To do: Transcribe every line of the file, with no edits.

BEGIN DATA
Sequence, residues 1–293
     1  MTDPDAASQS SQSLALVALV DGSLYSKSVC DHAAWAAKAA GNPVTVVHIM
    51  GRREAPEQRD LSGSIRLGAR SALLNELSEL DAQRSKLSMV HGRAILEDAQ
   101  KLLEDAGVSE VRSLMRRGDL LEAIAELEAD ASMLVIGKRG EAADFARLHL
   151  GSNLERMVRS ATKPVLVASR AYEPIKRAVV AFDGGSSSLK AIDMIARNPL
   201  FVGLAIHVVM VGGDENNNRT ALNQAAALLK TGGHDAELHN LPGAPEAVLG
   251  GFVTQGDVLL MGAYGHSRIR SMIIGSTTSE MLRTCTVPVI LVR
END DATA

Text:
Sequence, residues 1–293
     1  MTDPDAASQS SQSLALVALV DGSLYSKSVC DHAAWAAKAA GNPVTVVHIM
    51  GRREAPEQRD LSGSIRLGAR SALLNELSEL DAQRSKLSMV HGRAILEDAQ
   101  KLLEDAGVSE VRSLMRRGDL LEAIAELEAD ASMLVIGKRG EAADFARLHL
   151  GSNLERMVRS ATKPVLVASR AYEPIKRAVV AFDGGSSSLK AIDMIARNPL
   201  FVGLAIHVVM VGGDENNNRT ALNQAAALLK TGGHDAELHN LPGAPEAVLG
   251  GFVTQGDVLL MGAYGHSRIR SMIIGSTTSE MLRTCTVPVI LVR